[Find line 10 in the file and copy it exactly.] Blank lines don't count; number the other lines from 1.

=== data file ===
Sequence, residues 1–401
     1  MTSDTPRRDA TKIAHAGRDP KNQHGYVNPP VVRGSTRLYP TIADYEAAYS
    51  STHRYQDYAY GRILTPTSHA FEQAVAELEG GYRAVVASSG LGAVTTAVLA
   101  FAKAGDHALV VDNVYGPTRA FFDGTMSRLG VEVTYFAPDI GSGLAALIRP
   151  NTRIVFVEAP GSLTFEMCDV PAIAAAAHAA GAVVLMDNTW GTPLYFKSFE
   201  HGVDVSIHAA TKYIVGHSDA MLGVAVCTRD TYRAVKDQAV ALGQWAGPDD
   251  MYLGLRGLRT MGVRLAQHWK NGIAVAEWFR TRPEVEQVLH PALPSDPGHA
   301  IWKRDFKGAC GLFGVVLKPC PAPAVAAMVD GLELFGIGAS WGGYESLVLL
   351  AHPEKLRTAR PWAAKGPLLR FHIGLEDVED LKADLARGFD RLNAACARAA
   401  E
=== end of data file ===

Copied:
   401  E